Nadja Athanassowa




The Emerging Artist Series
by Will Benedict


Eröffnung / Opening:17. 9. 2010, 7pm
Ausstellungsdauer / Duration: 18. 9. – 6. 11. 2010


Der Künstler und Kurator Will Benedict verbindet die Arbeiten einer jüngeren Künstlergeneration am Beispiel dreier Künstlerinnen Verena Dengler (geb. 1981), Sara Deraedt (geb. 1984) und Nadja Athanassowa (geb. 1982), mit Kunstwerken von Ed Ruscha, Frank Stella oder Ronald Bladen.




Nadja Athanassowa's work takes the issue of work itself as its starting point and how our selves are built in relation to those who employ us or act as our beneficiaries. From March 2005 till October 2009 she has collected and exhibited the free journal AK FÜR SIE (Arbeiter Kammer) a magazine dedicated to employment issues. Rather than take an ideological position Athanassowa attempts to present the material fact of the journal's reality by demanding that it be known that she is willing to store what is normally discarded after use. For the past couple of years Athanassowa has transformed her apartment into her work by methodically collecting and throwing her things away. At one point she found her house completely empty and instead of refilling it built up a second level to create even more floor space because she found her 3 meter ceilings to be wasteful. When I visited Athanassowa last, her walls where covered in rugs upon which she had attached advertisements for credit card offers and newspaper clippings which she had carefully folded into three dimensional forms. In the middle of the kitchen floor she was keeping the coal ash from her furnace in clear plastic bags. In an exhibition at WUK Kunsthalle she used these bags simultaneously as pedestals for her paper forms; and as what they were, bags of ash. For this exhibition Athanassowa removed and sold her furnace and used the material which functioned as the base as the key element. The furnace which is not in the exhibition was sold through its value assured by its functionality unlike the base or pedestal, made of fire clay, which lost its function with the removal of the furnace. By exhibiting these left over pieces of fire clay and painting some of them in the style of an inverse frottage Athanassowa has reinscribed a value onto these chunks of debris which stress their conflicted status as both nothing and something. The other elements in the exhibition have taken a similar route towards their commodification. The pink painting was in its previous incarnation an advertisement for Yves Saint Laurent's Opium which had been transformed into a pinboard by the employees of a cosmetic store for their shop window. Twice removed from its original function the painting has travelled the spectrum of aesthetic use from advertisement to functional background display and finally to the suspicious realm of conceptual painting. Athanassowa's work struggles to address the forms that immateriality must take to be read and to always reiterate the labor involved in making this legible.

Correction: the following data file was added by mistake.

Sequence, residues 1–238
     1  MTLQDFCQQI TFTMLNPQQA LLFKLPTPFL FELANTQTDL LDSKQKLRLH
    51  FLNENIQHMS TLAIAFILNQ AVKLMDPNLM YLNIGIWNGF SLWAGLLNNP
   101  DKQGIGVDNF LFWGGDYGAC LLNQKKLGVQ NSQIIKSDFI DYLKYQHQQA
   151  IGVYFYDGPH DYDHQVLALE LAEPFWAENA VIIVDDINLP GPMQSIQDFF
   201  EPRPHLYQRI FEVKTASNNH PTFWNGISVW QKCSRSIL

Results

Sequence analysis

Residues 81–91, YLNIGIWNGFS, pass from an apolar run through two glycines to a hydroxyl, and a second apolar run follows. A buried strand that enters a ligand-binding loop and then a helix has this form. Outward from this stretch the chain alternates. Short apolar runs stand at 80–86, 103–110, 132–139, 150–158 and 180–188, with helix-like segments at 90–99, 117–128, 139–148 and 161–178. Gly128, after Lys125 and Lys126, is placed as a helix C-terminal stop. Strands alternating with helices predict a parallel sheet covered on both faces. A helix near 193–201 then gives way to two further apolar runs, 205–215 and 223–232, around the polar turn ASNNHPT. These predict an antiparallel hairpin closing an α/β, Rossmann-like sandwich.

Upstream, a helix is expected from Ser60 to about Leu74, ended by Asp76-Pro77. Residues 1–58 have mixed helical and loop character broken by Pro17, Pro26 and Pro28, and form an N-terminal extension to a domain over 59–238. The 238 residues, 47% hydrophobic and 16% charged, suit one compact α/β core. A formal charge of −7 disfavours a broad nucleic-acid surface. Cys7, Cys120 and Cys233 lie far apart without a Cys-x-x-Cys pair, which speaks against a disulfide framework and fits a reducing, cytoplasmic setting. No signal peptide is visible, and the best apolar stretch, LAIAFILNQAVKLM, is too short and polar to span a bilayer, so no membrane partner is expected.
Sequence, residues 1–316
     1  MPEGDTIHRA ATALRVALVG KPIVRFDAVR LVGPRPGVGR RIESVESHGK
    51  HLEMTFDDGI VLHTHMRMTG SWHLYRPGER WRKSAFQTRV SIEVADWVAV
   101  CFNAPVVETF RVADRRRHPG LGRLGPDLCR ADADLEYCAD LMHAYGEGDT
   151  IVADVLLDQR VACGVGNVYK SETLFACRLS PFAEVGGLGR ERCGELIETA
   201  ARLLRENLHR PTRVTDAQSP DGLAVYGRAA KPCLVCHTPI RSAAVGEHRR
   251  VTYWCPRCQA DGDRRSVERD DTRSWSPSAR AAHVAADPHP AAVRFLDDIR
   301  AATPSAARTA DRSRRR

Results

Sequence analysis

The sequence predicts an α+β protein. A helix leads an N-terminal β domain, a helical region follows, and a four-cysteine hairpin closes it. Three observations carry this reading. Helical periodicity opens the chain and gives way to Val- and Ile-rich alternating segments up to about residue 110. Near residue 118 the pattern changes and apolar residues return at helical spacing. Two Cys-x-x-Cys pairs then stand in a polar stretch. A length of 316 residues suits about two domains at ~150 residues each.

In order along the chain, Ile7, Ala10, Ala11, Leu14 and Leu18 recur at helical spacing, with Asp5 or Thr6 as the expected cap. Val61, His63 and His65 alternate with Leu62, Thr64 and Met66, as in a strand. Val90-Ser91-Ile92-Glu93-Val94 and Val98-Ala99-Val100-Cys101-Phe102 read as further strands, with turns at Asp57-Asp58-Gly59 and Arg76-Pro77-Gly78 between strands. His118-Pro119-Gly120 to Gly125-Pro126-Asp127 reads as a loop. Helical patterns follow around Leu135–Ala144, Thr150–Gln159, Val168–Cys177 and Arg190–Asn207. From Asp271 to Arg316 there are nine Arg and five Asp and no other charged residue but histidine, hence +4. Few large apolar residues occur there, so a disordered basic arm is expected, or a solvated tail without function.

(Will Benedict)